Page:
Getting the most out of life after retirement
Inflation and not knowing how long they will live are two of the most important factors retirees have to plan for. OLD MUTUAL REAL INCOME FUND
taking into account that if you retire at the age of say 60 or 65, your retirement years may be almost as many as your working years, and it’s not impossible that you may need 10 to 12 times your final average salary for income purposes. Medical expenses, including frail care, tend furthermore to rise extensively on retirement, with medical inflation perhaps double that of normal inflation. The American experience, which is probably valid for South Africa too, is that one out of every four people who have reached 65 will eventually require some kind of long-term care.
Old Mutual Investment Group’s Old Mutual Real Income Fund co-manager, John Orford, highlights two specific problems facing people into retirement:
They don’t know how long they’re going to live, which could be another 20 years on average and is getting longer. A retirement age of 65 may not be the right time to retire, but that’s a different question.
They will need to cope with inflation which over the last decade has averaged slightly over 6% per year. Assuming a similar rate of inflation going forward, this means that you need to grow your income by at least 6% to keep pace with the cost of living, and even a little more if your specific inflation rate is higher than the overall inflation rate.
Orford’s Real Income Fund has been designed very specifically to address these issues. The objective is to deliver a return of 1%-2% after inflation and including fees.
This means providing an income that grows in line with inflation while sustaining the level of capital over time and minimising any losses over a 12-month period. The asset allocation is actively managed to take advantage of changing market conditions.
The average annual return has been 9.2% over 10 years; 8.9% over five years; 7.5% over three years; and 6.5% over one year. It’s a top-quartile performer if you compare it with multi-asset income funds over periods of five years or more.
The fund may invest in the full spectrum of fixed-interest investments. This includes a maximum of 25% in selected listed property and up to 10% in equities. Derivatives may be used for risk management purposes.
“Its returns during the past two years have been disappointing, but I’m confident that it will generate returns in line with its real target going ahead,” says Orford. “I don’t expect it to go back to delivering the kind of long-term returns that we have seen previously, and that’s simply because I don’t think that we’re in that kind of environment.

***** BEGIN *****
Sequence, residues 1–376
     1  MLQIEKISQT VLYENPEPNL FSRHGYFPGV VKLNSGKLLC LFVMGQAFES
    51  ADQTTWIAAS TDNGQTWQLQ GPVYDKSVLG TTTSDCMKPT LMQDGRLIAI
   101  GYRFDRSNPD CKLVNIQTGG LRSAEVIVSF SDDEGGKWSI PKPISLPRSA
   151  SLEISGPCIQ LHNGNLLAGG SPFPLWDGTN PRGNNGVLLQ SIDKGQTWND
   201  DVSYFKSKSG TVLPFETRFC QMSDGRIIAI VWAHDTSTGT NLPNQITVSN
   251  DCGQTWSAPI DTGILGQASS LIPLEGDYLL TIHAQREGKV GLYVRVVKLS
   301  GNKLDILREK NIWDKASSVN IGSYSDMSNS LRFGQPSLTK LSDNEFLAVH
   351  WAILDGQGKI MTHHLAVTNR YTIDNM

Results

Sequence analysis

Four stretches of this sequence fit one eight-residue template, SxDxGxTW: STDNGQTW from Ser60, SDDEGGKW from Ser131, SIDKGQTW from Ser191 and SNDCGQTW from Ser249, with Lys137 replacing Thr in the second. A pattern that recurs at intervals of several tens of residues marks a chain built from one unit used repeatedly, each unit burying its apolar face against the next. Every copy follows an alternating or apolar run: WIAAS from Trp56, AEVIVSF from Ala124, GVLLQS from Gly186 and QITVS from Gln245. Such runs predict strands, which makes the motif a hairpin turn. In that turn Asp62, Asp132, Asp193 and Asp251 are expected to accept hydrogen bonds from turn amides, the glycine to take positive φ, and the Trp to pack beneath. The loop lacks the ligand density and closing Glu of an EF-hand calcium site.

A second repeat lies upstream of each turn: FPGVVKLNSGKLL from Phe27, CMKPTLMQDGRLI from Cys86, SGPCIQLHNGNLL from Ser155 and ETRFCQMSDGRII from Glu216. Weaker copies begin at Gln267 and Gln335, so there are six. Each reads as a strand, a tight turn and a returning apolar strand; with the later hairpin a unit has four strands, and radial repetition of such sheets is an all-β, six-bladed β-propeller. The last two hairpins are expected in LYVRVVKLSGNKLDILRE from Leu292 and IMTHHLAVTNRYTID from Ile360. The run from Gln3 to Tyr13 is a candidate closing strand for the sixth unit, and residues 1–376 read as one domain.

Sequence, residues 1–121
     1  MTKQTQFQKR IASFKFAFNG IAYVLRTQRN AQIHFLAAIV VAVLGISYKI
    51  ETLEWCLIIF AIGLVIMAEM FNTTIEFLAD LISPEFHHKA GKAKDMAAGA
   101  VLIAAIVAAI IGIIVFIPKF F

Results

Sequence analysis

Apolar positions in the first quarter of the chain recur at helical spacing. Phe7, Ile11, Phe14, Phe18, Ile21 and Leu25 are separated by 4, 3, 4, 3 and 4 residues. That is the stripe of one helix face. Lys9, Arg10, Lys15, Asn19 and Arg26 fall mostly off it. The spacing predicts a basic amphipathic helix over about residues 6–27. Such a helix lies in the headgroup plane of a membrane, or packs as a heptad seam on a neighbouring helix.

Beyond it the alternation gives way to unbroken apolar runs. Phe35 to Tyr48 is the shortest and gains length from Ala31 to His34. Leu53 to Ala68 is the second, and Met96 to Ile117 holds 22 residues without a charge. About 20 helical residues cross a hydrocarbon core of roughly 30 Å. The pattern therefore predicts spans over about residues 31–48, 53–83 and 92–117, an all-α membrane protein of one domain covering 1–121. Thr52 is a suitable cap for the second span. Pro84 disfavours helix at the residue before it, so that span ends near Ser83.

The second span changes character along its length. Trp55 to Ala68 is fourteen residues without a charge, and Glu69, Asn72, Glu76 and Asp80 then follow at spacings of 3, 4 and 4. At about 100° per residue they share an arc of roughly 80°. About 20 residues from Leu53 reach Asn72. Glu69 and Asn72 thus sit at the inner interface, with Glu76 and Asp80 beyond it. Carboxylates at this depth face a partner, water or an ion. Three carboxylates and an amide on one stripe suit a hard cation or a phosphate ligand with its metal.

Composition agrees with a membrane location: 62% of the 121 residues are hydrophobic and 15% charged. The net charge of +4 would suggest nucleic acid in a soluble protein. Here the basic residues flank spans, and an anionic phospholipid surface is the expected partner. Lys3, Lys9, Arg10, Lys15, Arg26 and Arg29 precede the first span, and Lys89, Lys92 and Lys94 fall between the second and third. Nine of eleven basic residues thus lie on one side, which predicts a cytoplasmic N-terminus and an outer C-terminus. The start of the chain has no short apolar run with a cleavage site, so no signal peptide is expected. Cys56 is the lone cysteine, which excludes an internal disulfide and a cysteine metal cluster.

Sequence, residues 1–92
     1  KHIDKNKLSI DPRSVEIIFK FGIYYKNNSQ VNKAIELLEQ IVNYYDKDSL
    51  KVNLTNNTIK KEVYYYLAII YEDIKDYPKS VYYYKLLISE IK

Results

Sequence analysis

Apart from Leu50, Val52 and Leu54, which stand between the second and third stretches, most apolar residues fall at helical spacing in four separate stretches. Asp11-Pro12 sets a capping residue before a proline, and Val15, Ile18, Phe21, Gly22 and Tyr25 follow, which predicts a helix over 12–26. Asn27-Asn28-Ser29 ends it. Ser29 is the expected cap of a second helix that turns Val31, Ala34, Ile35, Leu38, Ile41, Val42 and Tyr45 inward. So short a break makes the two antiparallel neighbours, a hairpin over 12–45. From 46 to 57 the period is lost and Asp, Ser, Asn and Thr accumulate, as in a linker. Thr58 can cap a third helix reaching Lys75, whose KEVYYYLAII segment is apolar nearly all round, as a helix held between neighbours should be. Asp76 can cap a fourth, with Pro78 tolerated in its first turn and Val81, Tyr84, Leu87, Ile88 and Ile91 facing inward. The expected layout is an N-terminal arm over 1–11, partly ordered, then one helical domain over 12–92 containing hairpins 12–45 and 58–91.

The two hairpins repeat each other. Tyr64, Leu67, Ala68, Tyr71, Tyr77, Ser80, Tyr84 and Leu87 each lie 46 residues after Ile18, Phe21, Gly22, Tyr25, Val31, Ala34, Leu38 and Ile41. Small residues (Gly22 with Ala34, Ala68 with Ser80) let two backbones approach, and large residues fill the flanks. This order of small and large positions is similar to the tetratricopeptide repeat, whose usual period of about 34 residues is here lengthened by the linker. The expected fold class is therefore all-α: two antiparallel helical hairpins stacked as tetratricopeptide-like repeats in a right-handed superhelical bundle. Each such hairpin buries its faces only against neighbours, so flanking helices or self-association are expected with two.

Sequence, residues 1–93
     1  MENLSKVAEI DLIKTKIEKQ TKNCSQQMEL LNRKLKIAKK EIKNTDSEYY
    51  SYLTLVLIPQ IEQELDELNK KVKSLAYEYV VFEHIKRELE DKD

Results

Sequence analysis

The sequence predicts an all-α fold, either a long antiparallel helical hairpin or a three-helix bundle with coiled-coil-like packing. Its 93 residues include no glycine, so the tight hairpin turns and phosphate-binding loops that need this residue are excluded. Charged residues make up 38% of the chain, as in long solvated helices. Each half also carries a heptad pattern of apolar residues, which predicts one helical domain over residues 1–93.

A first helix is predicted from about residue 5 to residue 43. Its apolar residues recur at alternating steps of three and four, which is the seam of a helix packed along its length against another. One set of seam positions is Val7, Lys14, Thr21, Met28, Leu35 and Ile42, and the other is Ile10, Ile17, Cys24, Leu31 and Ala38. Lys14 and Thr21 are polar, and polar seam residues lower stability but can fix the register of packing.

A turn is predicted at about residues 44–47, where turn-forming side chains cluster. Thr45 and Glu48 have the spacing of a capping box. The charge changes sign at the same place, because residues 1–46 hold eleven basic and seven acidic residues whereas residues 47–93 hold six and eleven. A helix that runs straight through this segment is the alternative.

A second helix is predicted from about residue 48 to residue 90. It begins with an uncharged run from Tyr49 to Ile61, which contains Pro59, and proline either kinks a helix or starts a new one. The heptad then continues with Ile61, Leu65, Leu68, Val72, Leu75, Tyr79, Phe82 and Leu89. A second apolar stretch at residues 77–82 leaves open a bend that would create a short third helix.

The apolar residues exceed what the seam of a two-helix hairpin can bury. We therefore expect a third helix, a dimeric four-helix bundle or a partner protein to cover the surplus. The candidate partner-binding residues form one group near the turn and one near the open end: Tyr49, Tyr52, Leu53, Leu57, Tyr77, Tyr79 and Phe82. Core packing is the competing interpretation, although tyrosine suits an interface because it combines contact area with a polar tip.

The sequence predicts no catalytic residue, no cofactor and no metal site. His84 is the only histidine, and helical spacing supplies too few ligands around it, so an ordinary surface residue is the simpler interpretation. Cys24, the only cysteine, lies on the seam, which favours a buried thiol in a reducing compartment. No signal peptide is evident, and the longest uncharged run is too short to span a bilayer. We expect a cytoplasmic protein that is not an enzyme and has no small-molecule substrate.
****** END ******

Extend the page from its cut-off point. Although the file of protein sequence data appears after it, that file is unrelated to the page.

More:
“But I do expect the fund over a rolling threeyear period to continue to meet its inflation target, and certainly to beat money market funds, which it has done comfortably in the past.”
The current portfolio breakdown shows SA cash 48.1%, nominal bonds 19.2%, international bonds 6.7%, SA property 10.8%, international property 5.1%, and SA equities 4.5%.
“Growth assets aimed at delivering good returns over a period of time are an important feature of the fund relative to other multi-asset funds,” says Orford. “Naturally, it’s well-weighted Real Income Fund co-manager at Old Mutual Investment Group with fixed-income assets and very much focused on generating income. The yield compares well with those of money market funds, and there’s a quarterly distribution.”
He concedes that the fund is marginally more volatile than its peers, but says that this is compensated for by offering more growth.
The 48% cash component is managed by Old Mutual associate Futuregrowth, and includes money market, deposits and considerable credit. “It’s a productive partnership that gives us access to the best credit manager in the country,” Orford explains.
He says the last two years the fund had too much exposure to the nominal bond market when the duration was a bit long. “But going forward I expect that it will give us some good returns, and, in fact, it has been one of the better performing asset classes the year to date.”
Global bonds are somewhat different, with wide spreads between emerging and developed market bonds. The former are currently looking better than previously, whilst performance on US bonds, for instance, ought to be impacted by the likelihood of higher interest rates shortly.
On domestic property, Orford expects the sector to offer reasonable returns. While operating conditions for South African companies are likely to remain tough over the next 12 months, interest rates should come down next year. This should benefit local property companies which are reasonably priced. Growthpoint, for instance, offers a forward yield of about 8% and with some growth in dividends should deliver a return of 10% or more per annum over the next couple of years.
“I don’t expect it to go back to delivering the kind of long-term returns that we have seen previously, and that’s simply because I don’t think that we’re in that kind of environment.”